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2012 Olympics Opening Ceremony


Ian Macmillan
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Well, now that we've seen it, I trust that we will not leave all reactions to Twitter.

 

Despite the pretty dire, almost improvised, 'takeover' piece at the conclusion in Beijing, I stayed quietly confident that we would put on a much better performance when the London opening came around - and was not disappointed. The sheer theatricality of the first 30 minutes was spellbinding, and that transition to the Industrial Age, impelled by Evelyn Glennie and her myriad drummers and supervised by Kenneth Branagh's Brunel figure, will surely stay in the memory for a long time. I suspect others will have enjoyed later sections more than I did, where I felt the sense of narrative gave out somewhat. However, Huzzas for HM and her Bond cameo, the NHS piece and Akram Khan - and, above all, for the magnificent cauldron. Will other countries use that 'handing on the torch' theme, I wonder?

 

And so now, fingers crossed for the medal count and onwards to Darcey at the Closing Ceremony.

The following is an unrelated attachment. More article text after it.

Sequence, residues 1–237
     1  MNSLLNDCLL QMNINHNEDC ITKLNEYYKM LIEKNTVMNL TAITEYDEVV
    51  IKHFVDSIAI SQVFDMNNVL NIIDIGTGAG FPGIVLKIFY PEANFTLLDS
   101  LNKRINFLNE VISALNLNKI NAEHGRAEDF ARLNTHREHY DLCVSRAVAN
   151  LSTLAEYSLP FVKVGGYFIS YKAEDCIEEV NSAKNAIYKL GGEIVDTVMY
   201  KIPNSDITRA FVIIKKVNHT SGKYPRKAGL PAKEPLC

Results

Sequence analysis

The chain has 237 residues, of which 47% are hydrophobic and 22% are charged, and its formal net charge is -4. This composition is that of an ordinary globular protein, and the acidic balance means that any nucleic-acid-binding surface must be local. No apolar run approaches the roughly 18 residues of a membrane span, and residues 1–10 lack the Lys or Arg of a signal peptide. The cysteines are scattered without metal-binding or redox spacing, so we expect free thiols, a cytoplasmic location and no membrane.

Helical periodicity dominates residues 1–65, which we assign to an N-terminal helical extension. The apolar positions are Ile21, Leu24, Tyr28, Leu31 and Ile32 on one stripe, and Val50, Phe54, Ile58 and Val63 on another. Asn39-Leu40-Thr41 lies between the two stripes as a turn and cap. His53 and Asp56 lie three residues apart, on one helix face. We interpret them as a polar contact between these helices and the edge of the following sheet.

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I loved the start and I thought Sir Kenneth Brannagh was fabulous. The transformation to the industrial age and the forging of the rings was absolutely spectacular. For me, then it descended to a pile of poo before it was resuced by Akram Khan. I loved watching the competitors parade and the lighting of the cauldron was sheer magic.

 

Why ruin it by ending with an out of tune rendition of Hey Jude? It made me understand why the byelaws were enforced at the Bruce Springsteen concert!

 

Overall, it was a "proud to be British" spectacle but it did have its weak moments.

 

Currently flicking between the swimming and the road race!

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Likewise I loved the opening rural scene and the transformation into the industrial age, Kenneth Branagh, the forging of the olympic rings, then especially the James Bond film and entrance of the Queen, but agree those were the best bits, although the Chariots of Fire film was funny.

 

Didn't think much of the pop music section, extracts were too short to enjoy, but liked the up-tempo feel to the parade, although I wanted to see the GB team I was too tired and gave up at 11pm!

 

 

 

 

 

 

 

 

 

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The transformation to the industrial age and the forging of the rings was absolutely spectacular ... then it descended to a pile of poo ....

 

Likewise I loved the opening rural scene and the transformation into the industrial age, Kenneth Branagh, the forging of the olympic rings, then especially the James Bond film and entrance of the Queen....

 

I very much enjoyed the beginning, too.

 

[A]lthough I wanted to see the GB team I was too tired and gave up at 11pm!

 

I wanted to see the U.S. team, but I fell asleep at some point during the pile of poo.